Chapter XVI. — LAST DAYS IN THE VALLEY
Breaking up of the Army—Sheridan Reviews the Troops—His Appreciation of his Soldiers—Sheridan’s Great Raid—A Big Snow-Storm—Hancock in Command—The Regiment Remounted—Sheridan’s Prisoners—The coming of Spring—Sheridan Joins Grant—Colonel Sargent Goes Home—Burr Porter in Command—Grant Breaks Lee’s Lines—Surrender of Lee—Lincoln Assassinated—The Regiment Ordered to Washington—Arrival at Fort Albany—In Camp at Fall’s Church—Muster-out of Original Members.
Chapter XVII. — THE GRAND REVIEW
Assembling of Armies—How the Men Looked—Their Number and Exploits—The Third Cavalry Crosses Long Bridge—The First Day’s Parade—Army of the Potomac—Sheridan’s Cavalry—The Third Cavalry on Pennsylvania Avenue—Sheridan’s Love for the Nineteenth Corps—Sherman’s Army in Review—Custer’s Horse Frightened—Sherman and the Roses—The Flag of the Third Cavalry.
Chapter XVIII. — IN AND AROUND WASHINGTON
After the Review, What?—The Third at Cloud’s Mills—Washington in 1865—Soldier’s Home—The White House—An Interview with Lincoln—Arlington Heights—The Nation’s Dead—Alexandria—Mount Vernon—The Capitol Return of Captain Gove.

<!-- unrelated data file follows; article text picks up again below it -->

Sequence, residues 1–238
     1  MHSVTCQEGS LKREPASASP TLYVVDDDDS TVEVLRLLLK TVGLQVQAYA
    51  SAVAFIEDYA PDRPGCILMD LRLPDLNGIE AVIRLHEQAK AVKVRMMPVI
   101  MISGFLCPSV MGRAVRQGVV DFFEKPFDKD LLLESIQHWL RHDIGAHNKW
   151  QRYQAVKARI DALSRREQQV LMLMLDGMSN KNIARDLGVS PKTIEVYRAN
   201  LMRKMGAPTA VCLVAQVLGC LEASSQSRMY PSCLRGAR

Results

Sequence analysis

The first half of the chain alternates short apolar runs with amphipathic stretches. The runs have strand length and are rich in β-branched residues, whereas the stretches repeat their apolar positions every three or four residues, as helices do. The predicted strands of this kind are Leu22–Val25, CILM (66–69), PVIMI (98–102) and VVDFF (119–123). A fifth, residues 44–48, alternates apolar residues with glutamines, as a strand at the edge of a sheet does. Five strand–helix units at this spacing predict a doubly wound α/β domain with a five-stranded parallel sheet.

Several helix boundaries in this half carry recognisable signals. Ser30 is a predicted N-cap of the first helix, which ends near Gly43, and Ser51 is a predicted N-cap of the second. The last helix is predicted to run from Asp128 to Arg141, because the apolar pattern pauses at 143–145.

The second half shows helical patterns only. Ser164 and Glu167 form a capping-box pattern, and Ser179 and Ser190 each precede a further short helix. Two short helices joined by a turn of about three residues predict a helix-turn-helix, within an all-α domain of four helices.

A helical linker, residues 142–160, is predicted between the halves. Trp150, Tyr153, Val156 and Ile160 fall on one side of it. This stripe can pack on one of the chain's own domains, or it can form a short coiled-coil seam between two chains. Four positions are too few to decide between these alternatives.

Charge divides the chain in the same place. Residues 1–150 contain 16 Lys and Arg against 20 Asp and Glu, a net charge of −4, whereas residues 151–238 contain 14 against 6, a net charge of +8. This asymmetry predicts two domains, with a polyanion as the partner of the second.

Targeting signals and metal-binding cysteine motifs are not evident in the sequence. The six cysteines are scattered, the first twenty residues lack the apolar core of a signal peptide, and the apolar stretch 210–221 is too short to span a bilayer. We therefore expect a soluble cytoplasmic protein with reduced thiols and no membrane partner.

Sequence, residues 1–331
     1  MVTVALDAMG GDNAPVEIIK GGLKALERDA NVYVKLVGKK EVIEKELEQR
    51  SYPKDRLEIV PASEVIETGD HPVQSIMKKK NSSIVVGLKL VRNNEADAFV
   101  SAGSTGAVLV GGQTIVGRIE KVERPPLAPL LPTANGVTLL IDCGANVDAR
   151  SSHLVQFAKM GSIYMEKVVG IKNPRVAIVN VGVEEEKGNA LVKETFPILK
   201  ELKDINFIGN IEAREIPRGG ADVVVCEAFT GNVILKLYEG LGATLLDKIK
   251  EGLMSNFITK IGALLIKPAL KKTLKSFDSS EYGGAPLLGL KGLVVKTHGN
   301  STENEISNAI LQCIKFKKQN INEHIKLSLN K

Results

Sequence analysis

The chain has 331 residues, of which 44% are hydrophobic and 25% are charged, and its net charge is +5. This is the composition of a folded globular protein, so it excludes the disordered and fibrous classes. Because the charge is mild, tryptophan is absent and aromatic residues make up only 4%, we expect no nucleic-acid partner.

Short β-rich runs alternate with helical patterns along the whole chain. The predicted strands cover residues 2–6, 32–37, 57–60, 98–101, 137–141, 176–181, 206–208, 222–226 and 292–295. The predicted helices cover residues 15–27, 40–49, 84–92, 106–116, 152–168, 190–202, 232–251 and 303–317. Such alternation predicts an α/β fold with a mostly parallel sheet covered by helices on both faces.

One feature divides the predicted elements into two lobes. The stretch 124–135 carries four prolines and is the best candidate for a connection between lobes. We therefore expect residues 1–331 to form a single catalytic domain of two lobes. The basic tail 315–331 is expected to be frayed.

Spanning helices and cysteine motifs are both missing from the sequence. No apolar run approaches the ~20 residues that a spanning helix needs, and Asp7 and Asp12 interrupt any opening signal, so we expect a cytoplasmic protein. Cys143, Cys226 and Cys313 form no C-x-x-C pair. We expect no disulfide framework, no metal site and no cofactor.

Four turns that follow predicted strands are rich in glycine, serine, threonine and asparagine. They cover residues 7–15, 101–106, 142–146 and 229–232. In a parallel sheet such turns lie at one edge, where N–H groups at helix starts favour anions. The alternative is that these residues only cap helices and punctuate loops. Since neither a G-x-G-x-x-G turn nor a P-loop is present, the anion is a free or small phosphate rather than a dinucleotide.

Chapter XIX. — OUT WEST
A Home Feeling — Grant’s Congratulatory Order — A Western Fever that was not Epidemic — The Start for the West — Stay at Fort Leavenworth — Again Dismounted — A Reorganization — New Horses — March to Fort Kearney — Colonel Vinal Goes Home — Pay Day in Camp — A Start for Colorado — Return to Fort Kearney — Mustered Out — Return to Boston — Discharged at Gallops Island.
History of Read’s Company
Camp Chase, Lowell, to Ship Island.
Lieutenant Dane and the Signal Corps, The Forlorn Hope and the Third Cavalry, Lieutenant Muzzey and the Female Spy, Death of Captain Solon A. Perkins, Wounding of Lieutenant Bradley Dean, The Capture of Major Cowen, Carrying Dispatches for Banks at Alexandria-, A Concert at Baton Rouge, The Robbing of Samuel Corning, Confiscating Cotton at Port Hudson, Corporal Harlow and Tyler, Texas, Porter Colby as a Prisoner of War, Letter of Captain Hervey, Letters of Captain John L. Swift, The Regimental Memorial
List of Illustrations
Views of Lynnfield
Boston & Maine R. R. Station
State House, Boston
Old Colony R. R. Station,
Camp at Union Race Course, L. I.